Tony's 5-day course was absolutely wonderful! The one-on-one instruction made it very enjoyable to learn new skills and work on the chair at a comfortable pace. My dad and I...more"
"I just finished a 6 day course with Tony at Windsor Heritage and I loved every minute of it. During the course I was able to learn a bunch of new skills, reinforce old ones ....more"
Do NOT take a Windsor chair making course with Tony Peirce of Windsor Heritage. He will immerse you in 5 days of expert instruction in his large, perfectly outfitted – great lighting, …more"
The first step is to prepare the seat blank, which is made from two 2" X 10" boards, which are planed, jointed and glued and clamped together. The glue holding the two halves of the seat blank together must cure for 24 hours.
Components of the chair back are then rived from green red oak that is split using a froe. This ensures that the grain of the wood goes from one end to the other, which makes them both strong and flexible.
All the back components, the spindles, the bow and the arm are shaped by shaving the wood from green blanks using a hand plane, drawknife and spokeshave. Homemade gauges are used to help guide shaping the parts to the correct size.
Once they are shaped the arm and bow are steamed, which plasticizes the wood. After the appropriate length of time, they are bent on forms and then allowed to cool and dry overnight.
The seat blank is cut to its proper shape and then carved to form the seat "saddle" using the gutter adze, the scorp, the compass plane and travisher, which are shown above from left to right. During the course, I also teach how to sharpen and use these tools.
The edges of the seat are shaped using a drawknife and spokeshave so that the seat is rounded under. In this photograph, Richard, one of my first students, is learning to smooth the seat edge with a spokeshave.
The saddle of the seat is carved out nearly 1” deep. A gutter adze, a scorp, compass plane and travisher are used to accomplish this. The saddle makes the Windsor chair, one of the most comfortable chairs there are. In this picture I am demonstrating the use of the scorp.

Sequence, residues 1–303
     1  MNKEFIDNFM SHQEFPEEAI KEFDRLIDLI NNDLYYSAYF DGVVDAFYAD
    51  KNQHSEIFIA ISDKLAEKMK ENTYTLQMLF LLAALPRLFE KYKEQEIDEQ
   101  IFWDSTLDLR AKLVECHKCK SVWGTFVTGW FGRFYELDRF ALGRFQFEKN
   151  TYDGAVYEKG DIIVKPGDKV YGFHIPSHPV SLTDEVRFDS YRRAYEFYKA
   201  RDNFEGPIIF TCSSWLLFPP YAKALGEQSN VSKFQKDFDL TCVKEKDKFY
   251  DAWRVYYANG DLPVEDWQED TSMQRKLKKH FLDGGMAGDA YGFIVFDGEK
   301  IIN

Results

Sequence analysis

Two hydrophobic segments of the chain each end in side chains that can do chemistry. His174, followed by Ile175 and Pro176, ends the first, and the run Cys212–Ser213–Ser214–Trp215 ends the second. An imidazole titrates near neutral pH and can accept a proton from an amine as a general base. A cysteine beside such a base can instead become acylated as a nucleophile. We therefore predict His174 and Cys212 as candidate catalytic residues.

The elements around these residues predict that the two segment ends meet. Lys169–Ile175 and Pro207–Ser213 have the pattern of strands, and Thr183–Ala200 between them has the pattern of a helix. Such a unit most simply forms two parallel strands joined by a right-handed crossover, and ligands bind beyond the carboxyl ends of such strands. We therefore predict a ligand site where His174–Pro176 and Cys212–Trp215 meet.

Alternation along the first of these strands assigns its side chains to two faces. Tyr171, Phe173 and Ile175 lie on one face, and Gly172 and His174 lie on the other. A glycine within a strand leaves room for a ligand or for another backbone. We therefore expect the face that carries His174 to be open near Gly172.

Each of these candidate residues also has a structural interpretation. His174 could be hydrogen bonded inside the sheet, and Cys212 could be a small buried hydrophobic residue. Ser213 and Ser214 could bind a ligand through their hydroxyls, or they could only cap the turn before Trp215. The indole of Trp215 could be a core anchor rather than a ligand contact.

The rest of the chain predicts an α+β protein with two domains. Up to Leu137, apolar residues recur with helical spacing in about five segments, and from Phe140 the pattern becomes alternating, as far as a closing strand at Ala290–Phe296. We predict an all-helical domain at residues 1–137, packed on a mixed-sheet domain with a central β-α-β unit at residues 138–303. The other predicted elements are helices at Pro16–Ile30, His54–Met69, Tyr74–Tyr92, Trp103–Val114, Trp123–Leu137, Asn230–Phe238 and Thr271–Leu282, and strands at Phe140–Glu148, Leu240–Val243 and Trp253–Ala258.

The seat is prepared to accept legs using a brace, spoon bits and a tapered reamer. The course teaches how to drill mortises in the legs at the proper angles to accept the stretchers using spoon bits. The student learns how to adjust the positioning of the legs as well as how to adjust the length and angles of the legs and stretchers.
A key to the strength of Windsor chairs is that stretchers are made a little long so that when assembled, they are always put mechanical pressure on the legs. The chair undercarriage is assembled this way and the legs are wedged in place where they pass through the seat. Chairs assembled in this way never come apart!
Once the chair is legged up, mortises for the arm stumps and spindles are drilled in the seat at the appropriate angles. I teach how to vary the angle of the back to fit the owner comfortably, much like we adjust the angle of a car's seat back!
The spindles, arm and bow are prepared for assembly by scraping and sanding them. Mortises are drilled in in the arm and bow at the appropriate angles using a brace and spoon bits to accept the spindles and arm stump.
The arm is then mounted on the arm stumps and the angle adjusted using a tapered reamer. Every spindle is adjusted so that each one helps to support the arm.
On the last day, the bow is fit to the arm and spindle mortises are drilled freehand in the bow using a brace and spoon bit.
The bow is assembled and the spindles are glued and wedged in place. Once the glue has dried, wedges are trimmed and the chair is prepared for finishing.